2. Define and Communicate the Contribution Structure

Once goals are understood, management must define and map out the processes to be followed to achieve the set goals. Using a free diagram and flow charting tool such as LucidChart can help a company to visualize its functions effectively and communicate clearly to all stake holders. This helps to break down a complex system into manageable pieces that can be improved upon, ensuring that everyone agrees on their role, and sees how their contribution leads to the larger picture of success.

When charting, think through the order of events, key indicators of success of each step and individuals or teams responsible for execution and oversight. The RACI structure is great for this step in the process as it clearly defines each parties accountability in the process. RACI stands for Responsible, Accountable, Consulted, and Informed. This is helpful for communication of responsibility and identification of bottlenecks in a process.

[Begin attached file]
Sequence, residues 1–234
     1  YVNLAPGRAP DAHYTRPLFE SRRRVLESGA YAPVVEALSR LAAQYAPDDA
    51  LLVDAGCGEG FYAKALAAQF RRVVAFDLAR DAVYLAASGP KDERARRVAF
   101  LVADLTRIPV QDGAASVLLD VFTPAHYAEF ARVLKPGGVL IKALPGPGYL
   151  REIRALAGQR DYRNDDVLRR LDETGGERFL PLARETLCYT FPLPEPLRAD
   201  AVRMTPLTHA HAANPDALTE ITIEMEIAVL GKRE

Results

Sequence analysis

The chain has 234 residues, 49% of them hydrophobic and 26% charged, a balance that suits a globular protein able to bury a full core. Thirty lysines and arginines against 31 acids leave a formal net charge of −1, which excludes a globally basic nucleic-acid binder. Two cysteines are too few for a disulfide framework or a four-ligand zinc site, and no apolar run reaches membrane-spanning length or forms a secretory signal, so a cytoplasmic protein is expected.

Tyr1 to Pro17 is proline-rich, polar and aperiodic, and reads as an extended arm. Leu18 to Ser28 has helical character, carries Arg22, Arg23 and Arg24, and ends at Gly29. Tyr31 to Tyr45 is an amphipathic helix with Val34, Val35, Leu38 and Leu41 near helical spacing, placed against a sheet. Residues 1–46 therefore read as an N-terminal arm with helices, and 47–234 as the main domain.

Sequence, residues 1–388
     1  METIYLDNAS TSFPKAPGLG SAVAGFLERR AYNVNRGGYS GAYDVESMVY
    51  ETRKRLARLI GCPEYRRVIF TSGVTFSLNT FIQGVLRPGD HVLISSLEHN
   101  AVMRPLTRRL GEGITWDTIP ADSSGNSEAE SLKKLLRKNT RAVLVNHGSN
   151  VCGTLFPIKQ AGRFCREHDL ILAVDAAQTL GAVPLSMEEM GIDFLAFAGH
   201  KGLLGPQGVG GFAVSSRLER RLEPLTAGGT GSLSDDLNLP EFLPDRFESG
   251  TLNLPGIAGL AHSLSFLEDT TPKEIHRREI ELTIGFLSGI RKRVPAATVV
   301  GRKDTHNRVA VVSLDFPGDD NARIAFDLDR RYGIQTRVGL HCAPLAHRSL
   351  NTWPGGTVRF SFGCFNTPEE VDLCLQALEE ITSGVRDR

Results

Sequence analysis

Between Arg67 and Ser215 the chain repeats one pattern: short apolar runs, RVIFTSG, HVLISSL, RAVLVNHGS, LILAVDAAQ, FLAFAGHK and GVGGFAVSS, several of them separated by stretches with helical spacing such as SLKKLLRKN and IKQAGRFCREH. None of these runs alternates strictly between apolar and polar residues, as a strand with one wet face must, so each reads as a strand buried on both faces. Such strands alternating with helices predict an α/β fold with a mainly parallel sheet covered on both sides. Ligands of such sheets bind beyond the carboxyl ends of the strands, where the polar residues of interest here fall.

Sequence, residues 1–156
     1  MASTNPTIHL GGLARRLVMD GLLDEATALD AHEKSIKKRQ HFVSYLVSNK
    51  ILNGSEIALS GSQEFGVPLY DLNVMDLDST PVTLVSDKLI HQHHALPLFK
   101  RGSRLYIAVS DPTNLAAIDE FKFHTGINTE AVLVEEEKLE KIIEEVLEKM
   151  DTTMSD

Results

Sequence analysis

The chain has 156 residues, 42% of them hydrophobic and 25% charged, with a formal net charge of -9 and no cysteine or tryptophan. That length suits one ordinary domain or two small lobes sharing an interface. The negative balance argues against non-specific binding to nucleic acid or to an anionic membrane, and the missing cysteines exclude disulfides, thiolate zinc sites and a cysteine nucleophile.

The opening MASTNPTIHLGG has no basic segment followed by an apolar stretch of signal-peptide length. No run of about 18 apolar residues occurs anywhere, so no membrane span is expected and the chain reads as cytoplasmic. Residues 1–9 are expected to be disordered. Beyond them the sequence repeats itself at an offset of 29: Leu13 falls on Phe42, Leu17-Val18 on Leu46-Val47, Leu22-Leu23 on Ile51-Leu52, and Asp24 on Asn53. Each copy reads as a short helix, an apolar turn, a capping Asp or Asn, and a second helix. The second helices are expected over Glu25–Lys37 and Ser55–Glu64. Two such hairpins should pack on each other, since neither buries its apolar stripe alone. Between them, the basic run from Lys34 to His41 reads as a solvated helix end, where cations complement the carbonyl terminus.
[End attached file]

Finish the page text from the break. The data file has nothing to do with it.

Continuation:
3. Establish Baseline Objectives and Processes

Once your process is mapped, more specific key performance indicators (KPIs) are defined to establish the standards that will lead to success. Whereas step one was the "why", step two was the "what", step three is the "how". How is quality achieved on a consistent basis? What interventions are necessary to drive success?

For many teams, this means establishing standard operating procedures and tracking mechanisms to ensure proper processes are followed every time. This may also mean adding teams to do an extra quality review where necessary or buying sensors to achieve a similar goal. The goal of this step is to zoom into each step in the process and think critically about what tools are needed to ensure success, and how can success be measured accurately.

4. Generate and Incentivize Frontline Buy-In